Biden to start reuniting immigrant kids with their families in the US

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The program could help reunite some 2,400 children with their families.

President Joe Biden is re-launching a federal immigration program that aims to reunite children from El Salvador, Honduras, and Guatemala with their family members in the United States.

The Central American Minors program would allow children and teens to apply for legal entry to the United States from their home countries. The State Department said in a statement on Wednesday that the program "provides a safe, legal, and orderly alternative to the risks incurred in the attempt to migrate to the United States irregularly."

The children's "first contacts with parents will begin as soon as the week of March 15," the State Department said.

The program, which began in 2014 under former President Barack Obama, was later dismantled by the Trump administration in 2017.

Now, the Biden administration will begin to process applications filed before the program was closed, in addition to any new applications, with more updated guidance to come.

Jorge Loweree, policy director at the American Immigration Council, noted that before the program was terminated, around 2,700 children were approved and in the pipeline to come to the United States. As of last fall, approximately 2,400 children of the original 2,700 remained ready to go in the system.

Advocates like Loweree said the program presents a helpful avenue for and "meaningful tool" for immigration.

"It's representative of a broader approach to migration and the southern border," Loweree said. "We need to focus on creating avenues for people to actually come to the United States legally, in particular, to be reunited with families."

The policy director said that many of these children applying to the program have been separated from their families for years, and urged officials to make it easier for them to see one another again.

Under the Obama administration, the program allowed for children to legally stay in the United States for a two-year duration, which was renewable, BuzzFeed News noted. Loweree said it's currently unclear what length of time the Biden administration might set.

When the Central American Minors program was active, it helped reunite nearly 5,000 children with their families, according to the State Department.

"The program reflects our values as a nation and represents our continued commitment to ensure that our immigration system treats people with dignity and respect and protects the most vulnerable, especially children," the department said.

The Biden administration's decision to re-launch the program comes amid an increase in the number of children in border custody. Between early February and March, the number of detained children nearly tripled from 500 children to almost 2,000, bringing the total number of unaccompanied children in custody across the United States to 8,000, according to BuzzFeed News.

Roberta Jacobson, the White House's southern border coordinator, said in a Wednesday press briefing the administration is focused on tackling the "root causes of migration" with both policy and more humanitarian aid to regions where migration flows to the United States, including those in Central America.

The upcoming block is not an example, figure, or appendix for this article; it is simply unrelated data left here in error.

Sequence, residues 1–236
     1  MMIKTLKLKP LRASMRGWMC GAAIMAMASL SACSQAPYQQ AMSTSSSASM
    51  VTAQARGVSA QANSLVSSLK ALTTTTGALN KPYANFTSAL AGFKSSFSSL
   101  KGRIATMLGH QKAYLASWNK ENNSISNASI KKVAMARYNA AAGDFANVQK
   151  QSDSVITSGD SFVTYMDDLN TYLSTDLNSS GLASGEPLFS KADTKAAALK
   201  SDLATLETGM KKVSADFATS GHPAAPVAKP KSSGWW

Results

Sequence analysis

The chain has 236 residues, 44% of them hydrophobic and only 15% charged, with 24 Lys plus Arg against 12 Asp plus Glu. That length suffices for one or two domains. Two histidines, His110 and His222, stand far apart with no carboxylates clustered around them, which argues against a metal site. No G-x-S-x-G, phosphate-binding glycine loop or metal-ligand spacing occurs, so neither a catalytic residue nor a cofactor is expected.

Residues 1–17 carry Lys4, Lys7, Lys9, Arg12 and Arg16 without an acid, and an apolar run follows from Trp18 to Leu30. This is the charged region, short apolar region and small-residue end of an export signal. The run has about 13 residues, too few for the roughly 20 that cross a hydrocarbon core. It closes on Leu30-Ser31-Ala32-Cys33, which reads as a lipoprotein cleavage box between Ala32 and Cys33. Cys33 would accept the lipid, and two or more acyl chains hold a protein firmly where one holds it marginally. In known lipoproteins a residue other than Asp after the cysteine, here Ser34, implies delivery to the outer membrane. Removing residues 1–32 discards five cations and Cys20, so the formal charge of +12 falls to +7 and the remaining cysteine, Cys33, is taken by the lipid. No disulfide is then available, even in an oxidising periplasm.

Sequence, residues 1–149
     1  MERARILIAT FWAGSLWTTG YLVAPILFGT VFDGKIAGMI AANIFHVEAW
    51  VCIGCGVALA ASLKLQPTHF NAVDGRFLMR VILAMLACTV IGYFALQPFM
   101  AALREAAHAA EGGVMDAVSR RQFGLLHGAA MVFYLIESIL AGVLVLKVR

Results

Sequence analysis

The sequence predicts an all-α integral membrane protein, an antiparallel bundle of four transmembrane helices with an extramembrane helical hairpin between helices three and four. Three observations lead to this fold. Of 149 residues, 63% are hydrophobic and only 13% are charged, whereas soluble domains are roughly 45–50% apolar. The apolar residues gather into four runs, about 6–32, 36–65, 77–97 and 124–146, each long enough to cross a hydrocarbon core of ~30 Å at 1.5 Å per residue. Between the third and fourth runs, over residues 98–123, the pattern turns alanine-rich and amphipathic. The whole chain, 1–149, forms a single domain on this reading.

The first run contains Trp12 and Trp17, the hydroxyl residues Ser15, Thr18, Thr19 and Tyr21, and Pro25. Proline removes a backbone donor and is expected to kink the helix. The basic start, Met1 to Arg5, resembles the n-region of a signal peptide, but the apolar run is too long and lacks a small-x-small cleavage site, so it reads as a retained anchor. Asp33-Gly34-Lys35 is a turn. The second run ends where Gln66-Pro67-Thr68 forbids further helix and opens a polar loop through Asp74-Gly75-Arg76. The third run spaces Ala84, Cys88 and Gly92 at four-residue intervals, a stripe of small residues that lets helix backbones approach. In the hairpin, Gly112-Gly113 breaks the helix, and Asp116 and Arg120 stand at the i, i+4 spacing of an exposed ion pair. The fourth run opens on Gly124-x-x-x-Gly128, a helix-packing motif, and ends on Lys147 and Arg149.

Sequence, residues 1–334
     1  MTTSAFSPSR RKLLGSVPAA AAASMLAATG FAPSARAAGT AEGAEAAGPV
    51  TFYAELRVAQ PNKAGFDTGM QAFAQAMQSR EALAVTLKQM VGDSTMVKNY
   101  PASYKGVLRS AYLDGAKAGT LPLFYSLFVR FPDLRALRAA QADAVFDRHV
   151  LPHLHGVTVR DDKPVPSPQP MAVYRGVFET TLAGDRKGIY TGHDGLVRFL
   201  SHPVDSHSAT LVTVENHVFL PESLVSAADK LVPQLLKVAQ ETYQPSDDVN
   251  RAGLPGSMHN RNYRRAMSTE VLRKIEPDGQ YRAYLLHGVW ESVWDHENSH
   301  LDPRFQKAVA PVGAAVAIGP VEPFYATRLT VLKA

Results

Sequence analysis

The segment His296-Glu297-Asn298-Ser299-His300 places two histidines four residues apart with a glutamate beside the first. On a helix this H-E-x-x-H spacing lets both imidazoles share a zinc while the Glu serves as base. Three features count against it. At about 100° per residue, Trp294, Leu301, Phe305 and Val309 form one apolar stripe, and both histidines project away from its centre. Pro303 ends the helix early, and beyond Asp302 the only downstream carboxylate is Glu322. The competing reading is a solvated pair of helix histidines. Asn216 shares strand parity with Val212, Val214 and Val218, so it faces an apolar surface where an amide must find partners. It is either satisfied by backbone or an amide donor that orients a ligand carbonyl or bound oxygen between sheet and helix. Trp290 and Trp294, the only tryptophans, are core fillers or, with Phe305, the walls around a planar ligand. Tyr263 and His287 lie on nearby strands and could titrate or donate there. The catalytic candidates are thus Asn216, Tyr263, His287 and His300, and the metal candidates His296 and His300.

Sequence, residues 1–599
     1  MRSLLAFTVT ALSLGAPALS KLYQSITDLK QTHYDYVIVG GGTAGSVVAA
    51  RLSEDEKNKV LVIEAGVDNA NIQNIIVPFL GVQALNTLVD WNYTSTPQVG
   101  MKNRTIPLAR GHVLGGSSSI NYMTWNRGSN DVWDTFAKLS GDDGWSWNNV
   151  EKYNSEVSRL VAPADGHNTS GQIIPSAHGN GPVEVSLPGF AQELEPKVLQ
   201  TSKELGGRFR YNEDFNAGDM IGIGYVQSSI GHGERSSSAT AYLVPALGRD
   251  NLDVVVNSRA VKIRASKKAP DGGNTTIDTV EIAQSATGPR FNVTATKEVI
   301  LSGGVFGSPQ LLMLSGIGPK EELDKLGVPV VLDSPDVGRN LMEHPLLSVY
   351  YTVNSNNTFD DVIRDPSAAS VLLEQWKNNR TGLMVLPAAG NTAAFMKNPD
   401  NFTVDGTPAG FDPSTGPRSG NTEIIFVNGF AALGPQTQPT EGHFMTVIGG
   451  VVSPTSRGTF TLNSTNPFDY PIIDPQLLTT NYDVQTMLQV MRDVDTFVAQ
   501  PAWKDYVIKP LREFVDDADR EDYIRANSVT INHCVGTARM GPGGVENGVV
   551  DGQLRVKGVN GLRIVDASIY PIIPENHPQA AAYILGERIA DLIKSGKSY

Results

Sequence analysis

"On the one hand, it is clearly a resource issue. You have to greater-than-Category-Four hurricanes, Eta and Iota, within a 15-day period.  You’ve got reports that suggest that literally multiple millions of people in Guatemala and Honduras are food insecure now," she said, noting longer-term policy issues such as climate change. "Otherwise, what you see is continued cycles. Right? To break that cycle of migration sustainably, you have to work both."

Randy Capps, director of U.S. research at the Migration Policy Institute, noted in a phone interview that the increase in people trying to cross the border and being taken into U.S. custody could be from "a lot of pent up demand because the Trump administration basically prevented anyone from crossing the border and seeking asylum during the last couple of years. They tried every way they could to thwart them."

One of those ways included splitting up families at the border, sending children, some as young as a few months old, to "tender age" facilities and juvenile detention, where allegations of abuse, mismanagement, and neglect abounded.

The Trump administration also used the coronavirus crisis as cover to quickly deport immigrant children in large numbers, even if they had family in the United States, to places where many had previously endured violence and abuse.

Trump officials claimed they were doing so for public health reasons.

"Federal authorities have stalled the release of migrant children in the U.S. to relatives in some cases and in late-night moves are attempting to deport them with scant notice to their attorneys," the Texas Tribune reported in May 2020. "In particular, the government seems to be focused on children who have crossed the border alone after U.S. authorities forced them and their parents to wait for months in Mexico in their bid for asylum."

The current rise in the number of children crossing the southern border, then, is the result of an easing of draconian, inhumane immigration policies, experts say.

Jacobson explained, "Surges tend to respond to hope, and there was a significant hope for a more humane policy after four years of, you know, pent-up demand."

Updated to correct a quote from Jorge Loweree, policy director at the American Immigration Council.

Published with permission of The American Independent Foundation.